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    45-70 blackpowder load will kill a buffalo at 500+ yards so a modern load is at least that good
     
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  8. Velillen

    Velillen Port Orchard, WA Member

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    I have a basic marlin 1895. Bought it from cabelas so overpaid but it was around 700 (had bunch of gift cards or would have bought elsewhere).

    Mine can hold four in the tube and one in the chamber. 5 shots should be plenty especially with the round.

    Ammo cost is just shy of 2 bucks a round from my experience. Reloading is key imo as it lowers the cost to sub 50 cents a shot. (Approx). Finding ammo has been pretty easy. Can find it online or in store...same with the bullets for reloading.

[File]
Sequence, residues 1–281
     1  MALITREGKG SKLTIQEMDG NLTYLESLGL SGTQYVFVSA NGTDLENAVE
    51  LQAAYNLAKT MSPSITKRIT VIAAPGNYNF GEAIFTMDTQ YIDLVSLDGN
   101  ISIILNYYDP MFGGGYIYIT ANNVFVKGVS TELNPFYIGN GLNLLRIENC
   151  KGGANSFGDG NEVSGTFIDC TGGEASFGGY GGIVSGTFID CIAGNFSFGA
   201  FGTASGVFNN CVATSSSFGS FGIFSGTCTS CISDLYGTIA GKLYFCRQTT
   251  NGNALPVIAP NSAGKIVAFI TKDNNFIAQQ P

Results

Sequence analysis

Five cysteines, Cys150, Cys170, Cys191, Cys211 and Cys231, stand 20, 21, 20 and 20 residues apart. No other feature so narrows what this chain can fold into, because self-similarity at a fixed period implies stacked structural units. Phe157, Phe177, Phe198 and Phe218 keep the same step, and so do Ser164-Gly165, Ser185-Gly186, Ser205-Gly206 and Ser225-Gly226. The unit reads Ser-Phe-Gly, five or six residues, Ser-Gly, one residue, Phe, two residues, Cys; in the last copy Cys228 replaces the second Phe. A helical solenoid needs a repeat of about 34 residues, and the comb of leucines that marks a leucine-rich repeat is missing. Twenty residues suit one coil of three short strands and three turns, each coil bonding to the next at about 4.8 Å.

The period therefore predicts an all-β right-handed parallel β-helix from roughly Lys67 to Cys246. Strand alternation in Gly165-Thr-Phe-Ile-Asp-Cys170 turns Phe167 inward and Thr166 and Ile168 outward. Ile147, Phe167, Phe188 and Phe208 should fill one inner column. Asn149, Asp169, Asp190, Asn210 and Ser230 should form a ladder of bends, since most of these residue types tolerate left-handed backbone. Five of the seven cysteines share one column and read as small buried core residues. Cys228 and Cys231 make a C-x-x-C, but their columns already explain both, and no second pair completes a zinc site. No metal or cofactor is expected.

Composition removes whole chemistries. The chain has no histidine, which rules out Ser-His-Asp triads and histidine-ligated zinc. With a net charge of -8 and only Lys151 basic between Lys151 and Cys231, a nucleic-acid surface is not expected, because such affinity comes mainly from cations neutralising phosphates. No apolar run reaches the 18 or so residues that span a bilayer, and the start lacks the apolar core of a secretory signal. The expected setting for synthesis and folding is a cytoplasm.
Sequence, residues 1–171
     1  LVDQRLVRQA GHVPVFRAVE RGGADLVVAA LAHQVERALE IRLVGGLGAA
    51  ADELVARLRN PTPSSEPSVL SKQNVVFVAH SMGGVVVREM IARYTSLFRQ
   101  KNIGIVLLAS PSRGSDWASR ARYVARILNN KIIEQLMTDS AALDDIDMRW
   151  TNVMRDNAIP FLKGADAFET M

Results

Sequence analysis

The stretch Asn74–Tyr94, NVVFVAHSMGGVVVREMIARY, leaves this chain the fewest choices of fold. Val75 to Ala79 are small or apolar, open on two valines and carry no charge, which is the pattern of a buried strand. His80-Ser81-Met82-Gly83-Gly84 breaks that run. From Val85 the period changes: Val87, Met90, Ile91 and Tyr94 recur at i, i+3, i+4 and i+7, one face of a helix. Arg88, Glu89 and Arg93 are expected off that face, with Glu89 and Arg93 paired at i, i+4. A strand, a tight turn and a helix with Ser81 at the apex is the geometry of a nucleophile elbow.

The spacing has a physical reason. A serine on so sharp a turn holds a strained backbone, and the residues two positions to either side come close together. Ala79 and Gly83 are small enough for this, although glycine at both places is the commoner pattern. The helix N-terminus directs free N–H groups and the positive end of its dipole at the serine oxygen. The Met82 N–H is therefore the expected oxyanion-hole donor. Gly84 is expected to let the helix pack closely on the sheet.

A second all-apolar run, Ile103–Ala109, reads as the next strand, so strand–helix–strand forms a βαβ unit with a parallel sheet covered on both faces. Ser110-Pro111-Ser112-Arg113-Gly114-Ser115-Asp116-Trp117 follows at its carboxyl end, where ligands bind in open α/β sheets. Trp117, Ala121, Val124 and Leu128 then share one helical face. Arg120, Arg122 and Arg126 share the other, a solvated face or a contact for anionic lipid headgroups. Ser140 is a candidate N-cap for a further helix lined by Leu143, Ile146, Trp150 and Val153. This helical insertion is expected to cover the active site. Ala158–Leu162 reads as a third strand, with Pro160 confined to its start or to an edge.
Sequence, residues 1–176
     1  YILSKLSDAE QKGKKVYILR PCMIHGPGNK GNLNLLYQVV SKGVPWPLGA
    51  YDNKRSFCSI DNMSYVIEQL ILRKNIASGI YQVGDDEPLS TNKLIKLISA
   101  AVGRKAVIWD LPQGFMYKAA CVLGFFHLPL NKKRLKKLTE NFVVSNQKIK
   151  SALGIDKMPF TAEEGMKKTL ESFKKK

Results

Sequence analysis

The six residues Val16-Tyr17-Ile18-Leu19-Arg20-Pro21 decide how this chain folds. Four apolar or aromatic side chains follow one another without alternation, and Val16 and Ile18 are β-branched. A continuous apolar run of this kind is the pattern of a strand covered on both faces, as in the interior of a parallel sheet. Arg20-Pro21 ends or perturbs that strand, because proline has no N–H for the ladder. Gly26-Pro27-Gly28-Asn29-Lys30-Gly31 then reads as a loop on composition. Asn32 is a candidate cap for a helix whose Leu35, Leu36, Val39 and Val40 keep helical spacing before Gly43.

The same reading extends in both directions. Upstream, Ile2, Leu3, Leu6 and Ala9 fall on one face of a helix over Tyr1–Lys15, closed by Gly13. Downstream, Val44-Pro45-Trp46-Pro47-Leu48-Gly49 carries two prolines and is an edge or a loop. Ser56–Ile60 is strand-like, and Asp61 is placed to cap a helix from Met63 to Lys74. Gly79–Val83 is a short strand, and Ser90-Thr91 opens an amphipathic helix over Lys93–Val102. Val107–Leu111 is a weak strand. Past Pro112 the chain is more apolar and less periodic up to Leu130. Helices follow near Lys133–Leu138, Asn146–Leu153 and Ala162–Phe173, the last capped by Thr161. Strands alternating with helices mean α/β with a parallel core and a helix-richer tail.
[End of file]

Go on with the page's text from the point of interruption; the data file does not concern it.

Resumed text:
Like others I would say max range is 150-200 yards. It is capable of more (read the sandy hook trials on the 45-70) but I wouldn't use it further. I have a 2-7 scope on mine since I am terrible with iron sights and have bad eye sight. It'll shoot moa or better if I do my part

    I added a limbsaver to mine since I am a smaller guy and can shoot 30 rounds or so back to back withought issue.
     
  9. rockstardrnkr

    rockstardrnkr Vancouver Active Member

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    I had a 45-70, It was an older marlin, great little gun, i want to say it was an 18" barrel, It hit hard though, I was shooting 405gr rounds through it. I cant attest for accuracy though since I only shot it a few times and it was mostly at old tvs.
    The do tear bubblegum up though.
     
  10. deadeye

    deadeye Albany,OR. Moderator Staff Member